5 Common Symptoms that a Computer Monitor is Failing

Desktop computer and laptop monitors have various specifications that are unique to their manufacturer and model. These can include the screen resolution, screen size, frame width, stand ability to swivel and telescope, and more. However, there are several signs consistent upon all monitors that let you know a monitor is failing.

This post discusses five common symptoms that a computer monitor is failing.

5 Common Symptoms that a Computer Monitor is Failing

When troubleshooting a monitor issue, always be sure to check the cable connectors on both ends to be sure they are secure and/or try replacing the cable to isolate the cause of the issue down to the physical monitor.


Flickering means the monitor flickers off and on quickly, or flicks off and takes several seconds to come back on. Either of these are considered flickering and are often a sign of a monitor going bad. Keep in mind, if the flickering is consistent with movement, the likely cause is a loose cable. All other cases of flickering are likely to be the monitor slowly going bad.

Burnt out backlight

This one is a little harder to detect, because the backlight has gone out so you cannot see that the screen otherwise has items on it. However, what gives it away is that the monitor is black, but the power button light on the monitor remains blue or green (active) rather than being a gold color, which means the monitor is not receiving a signal.

If a monitor's blue power/connection light stays solid, but the monitor is dark, try pointing your cell phone closely on the screen with the flashlight app on to see if you can then see the items open on the screen. If you can, the backlight has gone out. If there is still nothing there, it is possible the computer locked up during the boot up process and you should try rebooting it.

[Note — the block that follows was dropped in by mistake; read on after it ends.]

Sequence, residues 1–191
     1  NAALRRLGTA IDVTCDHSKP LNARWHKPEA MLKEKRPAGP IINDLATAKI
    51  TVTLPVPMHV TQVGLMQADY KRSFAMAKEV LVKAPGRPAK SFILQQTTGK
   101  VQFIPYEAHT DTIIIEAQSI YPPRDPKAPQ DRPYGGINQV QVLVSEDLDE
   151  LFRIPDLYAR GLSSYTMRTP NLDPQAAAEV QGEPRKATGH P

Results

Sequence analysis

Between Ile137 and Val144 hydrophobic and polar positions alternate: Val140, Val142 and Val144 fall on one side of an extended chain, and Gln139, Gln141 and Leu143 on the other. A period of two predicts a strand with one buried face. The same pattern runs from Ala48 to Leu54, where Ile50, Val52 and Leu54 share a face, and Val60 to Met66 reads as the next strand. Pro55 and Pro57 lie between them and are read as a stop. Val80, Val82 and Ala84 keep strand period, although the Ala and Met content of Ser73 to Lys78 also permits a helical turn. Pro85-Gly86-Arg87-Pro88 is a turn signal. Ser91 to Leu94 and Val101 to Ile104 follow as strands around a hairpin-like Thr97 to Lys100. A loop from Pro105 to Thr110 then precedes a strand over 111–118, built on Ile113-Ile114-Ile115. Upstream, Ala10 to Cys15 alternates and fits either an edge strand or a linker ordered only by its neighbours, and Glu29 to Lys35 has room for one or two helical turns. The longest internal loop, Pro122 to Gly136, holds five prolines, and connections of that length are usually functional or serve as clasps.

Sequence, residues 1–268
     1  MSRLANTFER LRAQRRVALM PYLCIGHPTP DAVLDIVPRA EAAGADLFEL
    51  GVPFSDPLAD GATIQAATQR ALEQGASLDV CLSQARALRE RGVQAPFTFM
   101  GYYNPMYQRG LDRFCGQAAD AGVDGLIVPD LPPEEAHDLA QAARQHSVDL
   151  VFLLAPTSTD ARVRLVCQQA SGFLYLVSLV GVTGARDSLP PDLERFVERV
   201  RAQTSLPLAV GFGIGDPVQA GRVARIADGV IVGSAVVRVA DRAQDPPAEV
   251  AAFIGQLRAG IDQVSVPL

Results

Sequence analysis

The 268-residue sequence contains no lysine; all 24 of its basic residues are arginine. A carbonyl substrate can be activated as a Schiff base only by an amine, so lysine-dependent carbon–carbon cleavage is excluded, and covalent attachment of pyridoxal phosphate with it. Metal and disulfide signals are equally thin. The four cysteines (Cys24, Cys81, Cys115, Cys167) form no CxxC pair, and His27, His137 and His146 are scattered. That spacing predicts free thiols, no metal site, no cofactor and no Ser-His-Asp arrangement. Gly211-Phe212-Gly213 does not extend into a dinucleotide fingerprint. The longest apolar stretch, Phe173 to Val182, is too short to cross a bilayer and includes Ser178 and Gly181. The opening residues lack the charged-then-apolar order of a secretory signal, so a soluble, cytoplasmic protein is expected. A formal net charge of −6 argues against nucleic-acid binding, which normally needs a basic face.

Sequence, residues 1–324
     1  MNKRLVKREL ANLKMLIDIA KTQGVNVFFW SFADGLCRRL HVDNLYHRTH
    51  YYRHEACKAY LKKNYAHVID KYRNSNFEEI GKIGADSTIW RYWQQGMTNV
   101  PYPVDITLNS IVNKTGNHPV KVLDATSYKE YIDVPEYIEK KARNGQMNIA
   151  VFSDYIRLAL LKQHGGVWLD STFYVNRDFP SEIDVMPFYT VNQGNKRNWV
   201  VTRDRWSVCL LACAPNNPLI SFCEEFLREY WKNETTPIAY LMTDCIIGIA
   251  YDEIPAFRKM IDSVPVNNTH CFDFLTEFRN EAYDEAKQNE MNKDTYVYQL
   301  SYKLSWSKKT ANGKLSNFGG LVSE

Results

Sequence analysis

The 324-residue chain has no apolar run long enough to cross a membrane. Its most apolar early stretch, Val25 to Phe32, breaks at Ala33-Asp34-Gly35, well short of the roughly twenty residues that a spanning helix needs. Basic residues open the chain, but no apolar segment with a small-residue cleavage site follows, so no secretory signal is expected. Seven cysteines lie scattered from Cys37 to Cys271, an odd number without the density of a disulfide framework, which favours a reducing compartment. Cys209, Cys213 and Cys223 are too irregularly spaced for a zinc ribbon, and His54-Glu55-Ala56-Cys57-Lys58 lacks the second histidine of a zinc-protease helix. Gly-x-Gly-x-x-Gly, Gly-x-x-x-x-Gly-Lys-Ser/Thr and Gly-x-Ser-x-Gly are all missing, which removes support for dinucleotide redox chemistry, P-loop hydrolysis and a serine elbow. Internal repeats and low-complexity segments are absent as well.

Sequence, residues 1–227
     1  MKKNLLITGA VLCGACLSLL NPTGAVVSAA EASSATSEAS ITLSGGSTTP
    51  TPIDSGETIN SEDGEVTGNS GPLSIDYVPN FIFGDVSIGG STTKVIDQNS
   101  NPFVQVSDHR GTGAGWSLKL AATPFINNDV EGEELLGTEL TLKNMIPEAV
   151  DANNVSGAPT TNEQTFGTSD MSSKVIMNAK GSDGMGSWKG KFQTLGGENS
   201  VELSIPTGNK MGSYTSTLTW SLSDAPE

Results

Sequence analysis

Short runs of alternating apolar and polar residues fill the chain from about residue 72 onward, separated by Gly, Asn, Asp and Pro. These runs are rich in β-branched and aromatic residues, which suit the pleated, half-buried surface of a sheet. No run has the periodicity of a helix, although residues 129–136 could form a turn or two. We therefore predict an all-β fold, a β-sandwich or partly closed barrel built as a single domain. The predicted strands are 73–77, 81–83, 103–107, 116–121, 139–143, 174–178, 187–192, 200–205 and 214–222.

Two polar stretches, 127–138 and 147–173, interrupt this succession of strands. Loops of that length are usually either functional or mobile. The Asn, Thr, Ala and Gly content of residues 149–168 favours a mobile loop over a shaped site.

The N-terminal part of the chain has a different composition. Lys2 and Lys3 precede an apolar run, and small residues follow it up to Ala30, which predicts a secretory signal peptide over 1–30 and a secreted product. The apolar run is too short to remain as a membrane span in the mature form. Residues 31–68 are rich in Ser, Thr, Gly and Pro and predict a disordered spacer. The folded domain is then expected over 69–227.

Missing top or bottom half of monitor

Sometimes the top or bottom half of a monitor will not appear correctly, while the other half is perfectly fine. This can present as staticky lines, fuzzy, or be black, but it renders that portion of the monitor unusable. Unfortunately, when this happens, one of the circuits in the monitor has likely failed and the monitor will need to be replaced.

With half of the screen missing, it is nearly impossible to close windows or accomplish anything.

Slow to reach full brightness

When a monitor is no longer able to come to full brightness quickly, this is a sign the monitor is wearing out. Full brightness refers to whatever level you have your brightness set at, not 100% brightness. For example, I almost always set my monitor brightness to 20%, as it is easier on my eyes. This means for me, full brightness would be 20%. Whatever your brightness level is set to on the actual monitor, it should be at that full brightness within a second of being turned on.

Stuck pixels

Stuck or burnt out pixels are a sure sign a monitor is slowly going out. Once pixels begin to stick or burn out it is not uncommon to see additional pixels follow more quickly. Stuck and burnt out pixels do not include those that are caused by damage, as in something hitting or falling on the monitor, or the monitor itself being knocked over, etc.

Regardless of if you have a desktop with monitors or are using a laptop with its built-in monitor, the screens we use are a critical part of our computers. Without them the rest of the device is useless until we connect it to a new monitor. There are five common signs a monitor is going out: flickering, black screens, missing half screens, slowness to brighten, and stuck pixels. If you notice any of these signs, it may be time to look into either the warranty or purchasing a new monitor.

As always, if you know the signs you can better prepare for a replacement before it is too late.